[R] Exact Maximum Likelihood Package
Spencer Graves
spencer.graves at pdf.com
Sat Jul 10 16:07:48 CEST 2004
Beyond this, I believe it may be possible to write an interface
between R and Singular; see "Writing R Extensions", available from
www.r-project.org -> Documentation: Manuals or via help.start() from
within and R session. There already exists an interface between Excel
and R; see www.r-project.org -> CRAN -> (select a local CRAN Mirror,
e.g., http://cran.stat.ucla.edu/) -> Software: Other -> R-(D)COM
Interface.
I have not done this, but I suspect it should be possible to
interface R and Singular, and there my even be folks in your local
Statistics Department who have done crudely similar things.
hope this helps. spencer graves
p.s. Gabor mentioned both "grid.expand" and "expand.grid";
"expand.grid works, while "grid.expand" seems to be a typo.
Gabor Grothendieck wrote:
>In the example you have below, two of the
>solutions should be rejected since the parameters
>are outside of the valid range and the remaining
>two can be derived from each other due to the
>symmetry of the problem so actually you only need
>one solution in this case.
>
>At any rate, you can create a coarse grid using
>grid.expand and apply the likelihood function using apply
>to evaluate your likelihood on each point of the
>grid. Try running optim a few times starting at
>each of the top few values found in your grid search.
>You will want to give optim derivatives and for this
>R has deriv to calculate symbolic derivatives.
>
>See:
>
>?expand.grid
>?apply
>?deriv
>?optim
>
>
>
>Luis David Garcia <lgarcia <at> math.berkeley.edu> writes:
>
>:
>: Dear R users,
>:
>: I am a mathematics postdoc at UC Berkeley. I have written a package
>: in a Computational Algebra System named Singular
>:
>: http://www.singular.uni-kl.de
>:
>: to compute the Maximum Likelihood of a given probability distribution over
>: several discrete random variables. This package gives exact answers to the
>: problem. But more importantly, it gives All MLE solutions.
>:
>: My understanding is that current algorithms (like the one in R) only find
>: one solution at a time, and there is no way to decide if that local max is
>: really a global one. That is the power that computer algebra brings to
>: the table.
>:
>: I have two goals in mind:
>:
>: 1. I would like to create a link between Singular (or any other CAS)
>: and R. The problem of MLE computation is just one instance of the
>: benefits that symbolic computations has to offer to statisticians.
>:
>: For a more detail account of this interaction, you can check the
>: articles written by Pachter and Sturmfels that will be published in
>: Science
>:
>: http://math.berkeley.edu/~lpachter/papers.html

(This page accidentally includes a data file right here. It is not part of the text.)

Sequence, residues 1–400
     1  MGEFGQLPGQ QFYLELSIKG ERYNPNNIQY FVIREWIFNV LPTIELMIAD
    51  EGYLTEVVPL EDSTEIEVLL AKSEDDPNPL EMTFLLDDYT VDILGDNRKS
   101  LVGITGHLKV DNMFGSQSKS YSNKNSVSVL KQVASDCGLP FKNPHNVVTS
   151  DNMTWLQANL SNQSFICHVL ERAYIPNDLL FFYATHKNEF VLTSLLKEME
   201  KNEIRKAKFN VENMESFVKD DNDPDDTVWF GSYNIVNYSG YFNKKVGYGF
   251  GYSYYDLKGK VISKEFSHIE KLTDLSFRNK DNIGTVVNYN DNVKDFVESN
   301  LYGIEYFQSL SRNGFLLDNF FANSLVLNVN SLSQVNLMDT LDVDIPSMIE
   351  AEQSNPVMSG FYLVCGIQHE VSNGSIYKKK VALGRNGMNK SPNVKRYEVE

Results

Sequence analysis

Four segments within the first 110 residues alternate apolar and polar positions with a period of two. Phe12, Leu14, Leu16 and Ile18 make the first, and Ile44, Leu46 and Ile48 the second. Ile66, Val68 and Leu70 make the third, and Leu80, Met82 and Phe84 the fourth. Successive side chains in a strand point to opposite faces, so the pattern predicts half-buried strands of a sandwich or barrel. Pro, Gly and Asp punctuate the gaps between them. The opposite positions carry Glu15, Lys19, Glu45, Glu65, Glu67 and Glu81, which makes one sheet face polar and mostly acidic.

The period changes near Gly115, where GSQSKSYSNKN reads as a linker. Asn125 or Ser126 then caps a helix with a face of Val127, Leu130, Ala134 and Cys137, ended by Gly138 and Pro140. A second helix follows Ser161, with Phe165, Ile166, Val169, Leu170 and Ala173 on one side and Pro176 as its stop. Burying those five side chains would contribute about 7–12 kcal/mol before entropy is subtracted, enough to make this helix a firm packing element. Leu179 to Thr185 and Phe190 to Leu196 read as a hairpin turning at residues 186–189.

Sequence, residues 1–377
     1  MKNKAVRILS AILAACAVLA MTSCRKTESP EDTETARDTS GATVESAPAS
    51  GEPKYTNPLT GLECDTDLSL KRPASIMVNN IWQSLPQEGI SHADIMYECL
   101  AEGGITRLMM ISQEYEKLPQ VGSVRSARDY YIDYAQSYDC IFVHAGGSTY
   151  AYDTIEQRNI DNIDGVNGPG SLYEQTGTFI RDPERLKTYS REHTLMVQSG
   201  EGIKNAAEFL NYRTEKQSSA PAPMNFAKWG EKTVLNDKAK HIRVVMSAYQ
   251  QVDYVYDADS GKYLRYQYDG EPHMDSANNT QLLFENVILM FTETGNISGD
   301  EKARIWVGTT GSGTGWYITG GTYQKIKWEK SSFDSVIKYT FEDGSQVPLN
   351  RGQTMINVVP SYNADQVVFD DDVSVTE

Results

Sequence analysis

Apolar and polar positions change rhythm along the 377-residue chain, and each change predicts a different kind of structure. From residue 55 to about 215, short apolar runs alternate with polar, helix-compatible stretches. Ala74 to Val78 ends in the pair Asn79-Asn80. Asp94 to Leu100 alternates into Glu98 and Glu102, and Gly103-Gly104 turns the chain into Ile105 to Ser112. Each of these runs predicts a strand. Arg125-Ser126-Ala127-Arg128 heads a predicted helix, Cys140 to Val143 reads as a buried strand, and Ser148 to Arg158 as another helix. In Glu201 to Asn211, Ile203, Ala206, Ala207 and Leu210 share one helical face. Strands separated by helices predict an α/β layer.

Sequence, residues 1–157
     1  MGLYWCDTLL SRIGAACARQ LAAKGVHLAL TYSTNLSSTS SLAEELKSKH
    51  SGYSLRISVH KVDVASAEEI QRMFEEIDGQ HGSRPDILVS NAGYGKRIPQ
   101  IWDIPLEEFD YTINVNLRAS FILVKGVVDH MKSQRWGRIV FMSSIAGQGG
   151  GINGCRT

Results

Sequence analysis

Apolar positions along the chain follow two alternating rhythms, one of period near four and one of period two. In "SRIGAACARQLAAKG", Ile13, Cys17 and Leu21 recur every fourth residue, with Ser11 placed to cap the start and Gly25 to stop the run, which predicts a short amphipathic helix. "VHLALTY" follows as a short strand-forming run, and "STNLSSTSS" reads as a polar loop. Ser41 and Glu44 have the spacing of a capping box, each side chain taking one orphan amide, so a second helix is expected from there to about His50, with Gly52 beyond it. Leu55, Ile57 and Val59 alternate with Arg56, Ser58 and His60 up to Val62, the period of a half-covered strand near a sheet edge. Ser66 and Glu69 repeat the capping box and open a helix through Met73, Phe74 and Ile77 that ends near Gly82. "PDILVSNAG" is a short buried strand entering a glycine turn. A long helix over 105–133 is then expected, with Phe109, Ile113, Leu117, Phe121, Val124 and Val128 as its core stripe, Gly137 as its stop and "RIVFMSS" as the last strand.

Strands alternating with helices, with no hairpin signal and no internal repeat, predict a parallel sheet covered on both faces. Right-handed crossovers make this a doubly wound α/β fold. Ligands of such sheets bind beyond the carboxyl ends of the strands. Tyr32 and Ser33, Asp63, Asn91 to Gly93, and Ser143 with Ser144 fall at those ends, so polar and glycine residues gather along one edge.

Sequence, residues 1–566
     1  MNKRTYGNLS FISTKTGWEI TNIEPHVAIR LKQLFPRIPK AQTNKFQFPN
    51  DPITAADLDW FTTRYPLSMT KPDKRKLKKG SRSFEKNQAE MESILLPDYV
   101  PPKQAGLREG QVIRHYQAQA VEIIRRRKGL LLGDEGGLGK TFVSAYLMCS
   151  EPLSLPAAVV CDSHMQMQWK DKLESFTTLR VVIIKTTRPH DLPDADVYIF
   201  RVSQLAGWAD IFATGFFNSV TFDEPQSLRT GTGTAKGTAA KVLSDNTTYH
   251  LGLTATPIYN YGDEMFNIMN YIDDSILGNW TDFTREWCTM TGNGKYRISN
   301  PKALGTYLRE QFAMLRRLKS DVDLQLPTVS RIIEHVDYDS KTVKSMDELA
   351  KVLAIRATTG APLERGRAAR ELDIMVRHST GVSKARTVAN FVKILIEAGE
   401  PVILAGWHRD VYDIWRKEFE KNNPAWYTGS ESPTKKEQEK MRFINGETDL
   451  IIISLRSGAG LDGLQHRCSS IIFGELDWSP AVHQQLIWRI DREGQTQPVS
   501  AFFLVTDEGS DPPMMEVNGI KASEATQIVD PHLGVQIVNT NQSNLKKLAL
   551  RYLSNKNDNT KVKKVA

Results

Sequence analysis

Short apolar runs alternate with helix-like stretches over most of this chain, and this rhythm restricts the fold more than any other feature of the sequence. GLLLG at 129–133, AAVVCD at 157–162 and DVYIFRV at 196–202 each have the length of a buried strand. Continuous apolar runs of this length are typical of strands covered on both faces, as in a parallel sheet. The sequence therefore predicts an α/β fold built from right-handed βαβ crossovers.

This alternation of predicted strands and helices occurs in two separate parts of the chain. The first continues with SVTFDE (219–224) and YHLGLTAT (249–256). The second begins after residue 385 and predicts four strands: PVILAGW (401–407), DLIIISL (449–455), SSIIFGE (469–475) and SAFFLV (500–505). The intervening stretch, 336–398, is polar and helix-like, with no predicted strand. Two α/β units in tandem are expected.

>:
>: In those articles it is explained how computational algebra can be used to
>: help in many problems of Computational Biology, like Sequence Analysis.
>:
>: MY PROBLEM IS THAT I JUST STARTED LEARNING R. I really don't know what to
>: do to create such a link, and I would be very interested in having some
>: help/advice on this direction.
>:
>: 2. This is just an example of my ignoRance. I have tried to use R to solve
>: the following MLE problem. But I cannot figure out how to do it. Your help
>: would also be appreciated.
>:
>: Consider the mixture of a pair of four-times repeated Bernoulli trials.
>: Let s and t be the Bernoulli parameters and p the mixing parameter. There
>: are 5 possible outcomes
>:
>: f0 = p*(1-s)^4 + (1-p)*(1-t)^4;
>: f1 = 4*p*s*(1-s)^3 + 4*(1-p)*t*(1-t)^3;
>: f2 = 6*p*s^2*(1-s)^2 + 6*(1-p)*t^2*(1-t)^2;
>: f3 = 4*p*s^3*(1-s) + 4*(1-p)*t^3*(1-t);
>: f4 = p*s^4 + (1-p)*t^4;
>:
>: The polynomial f_i represents the probability of seeing i successes.
>: Suppose we repeat this experiment 1000 times, and u_i is the number of
>: times we saw i successes.
>:
>: The likelihood of this event is f_0^u_0*f_1^u_1*f_2^u_2*f_3^u_3*f_4^u_4,
>: and we seek to find those parameter values for s,t,p which maximize the
>: likelihood.
>:
>: My Singular package has as input the 5 polynomials and a data vector u.
>: For the particular example of u = (3,5,7,11,13). The output are the
>: following
>: four roots (p,s,t) and the corresponding Likelihoood value:
>:
>: (0.99998692268562, 0.666609253585517, 5.056808689815264)
>:
>: 0.118420271386274e-27
>:
>: (0.0000130773153387599, 5.056808689815264, 0.666609254644253)
>:
>: 0.118420271386274e-27
>:
>: (0.312819438453599, 0.307857785707541, 0.830004221502637)
>:
>: 0.508592337077813e-25
>:
>: (0.687180561546401, 0.830004221502637, 0.307857785707541)
>:
>: 0.508592337077813e-25
>:
>: Can anyone tell me how to do the same thing in R. I tried
>: using nlm, but the help on this function is not enough for me, and I
>: cannot get it right.
>:
>: Thank you very much,
>:
>: Luis David Garcia
>
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